Dialogue is important in two ways:
1. Establishing character.
2. Delivering powerful information.
Characterization Through Dialogue
So I started poring through my blog and forum entries, and I found something interesting. I start most sentences with "Dude" "So" or "Okay". That's my voice. If I were to write myself as a character, I could easily establish my voice—and my character—with those three words. Especially through dialogue.
What your characters say can reveal a lot about them. Here's an example from one of my WiP's.
Vi has been arrested for the eighth time (in a dystopian society) for walking with her friend, Zenn. She and another prisoner (Jag) are standing before a council of 13 Greenies. Oh, and she abhors her full first name.
“Miss Schoenfeld,” the middle Greenie said. “Do you have anything to say?”This shows her character in spades. It shows the reader who she is, and that she’ll say just about anything.
I looked at Mech-749. Did I have anything to say? What kind of lame-ass question is that?
“I was just walking in the park with a friend,” I said.
“A boy,” a woman said, leaning forward.
“I guess.” I looked at her. “I’ve never really noticed Zenn was a boy before.”
Jag gave a low laugh, but no one shushed him.
“This is the, uh…seventh time you’ve been apprehended,” the middle Greenie said, glancing at his p-screen.
I counted quickly in my mind. Eighth, actually, but I wasn’t going to bring it up. One of them happened before I turned twelve and wouldn’t be on the Official Record. Not sure if I was supposed to speak or not, I opted for not.
“Violet, you are aware that many on this council find you unrehabilitatable.”
“That’s a long word,” I said.
Dialogue can do wonders for your character if you follow these rules:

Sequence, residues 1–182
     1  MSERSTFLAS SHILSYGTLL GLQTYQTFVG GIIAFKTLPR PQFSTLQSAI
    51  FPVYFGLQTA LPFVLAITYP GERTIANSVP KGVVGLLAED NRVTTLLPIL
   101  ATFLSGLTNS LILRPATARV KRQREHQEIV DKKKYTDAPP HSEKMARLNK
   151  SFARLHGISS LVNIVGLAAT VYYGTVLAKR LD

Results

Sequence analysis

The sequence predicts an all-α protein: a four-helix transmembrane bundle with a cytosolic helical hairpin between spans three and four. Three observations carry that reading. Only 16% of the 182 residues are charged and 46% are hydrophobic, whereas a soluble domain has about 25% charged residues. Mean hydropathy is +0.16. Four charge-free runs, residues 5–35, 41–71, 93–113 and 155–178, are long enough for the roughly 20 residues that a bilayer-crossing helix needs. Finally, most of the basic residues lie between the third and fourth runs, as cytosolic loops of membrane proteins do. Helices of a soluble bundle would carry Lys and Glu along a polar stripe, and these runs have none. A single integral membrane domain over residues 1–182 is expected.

1. Be consistent. If your character freezes up with girls, they have to always freeze up with girls. Unless they've gone through a character-morph in the book and then they can talk to the girl near the end. Catch phrases should be used to identify the speaker without a dialogue tag.
2. Be authentic. Your characters have to be themselves. Don't let them say things they would never say just because you want to convey information.
3. Be unique. Don’t have every single character saying, "Dude". That's not unique, it's just annoying.
Here's another example. This is from Lisa and Laura's manuscript FINDING GRACE, which I practically begged to read. And it was wonderful.
Kate has a date to Homecoming with two boys, Seth and Liam. She's sorta crushing on Liam, and Seth is her geeky neighbor who's had a thing for her for a while. She's dressed up real nice.
“You look…” Seth began but appeared to be at a loss for words.I love Liam’s line. It is the line I'm still thinking about, weeks later. It's the only line I can retype without having to re-read the manuscript. It's brilliant. Even though the characters of both Seth and Liam have been well-established by this time, it still shows who they are. Seth can't find the words, but Liam knows exactly what to say. How to say it. Cuz he's just that bad. Brill-liant.
“Hot. I think the word you’re looking for is hot,” Liam finished for him.
Of course, you have to KNOW your characters to know how they speak, what they would and wouldn't say in any situation, and how to deliver what you want them to say with power.
Here’s another example from Cole Gibsen’s novel, KATANA.
This is a conversation between Rileigh and her mom, who she calls Debbie. (That gives you insight into their relationship right there.)
“I never went to get my phone,” she answered. “I thought it would be better if I got a weapon.”Um, yeah, I don’t either, Debbie. Ha ha! But this shows not only how Rileigh views her mother, but loads of character from Debbie. It’s great.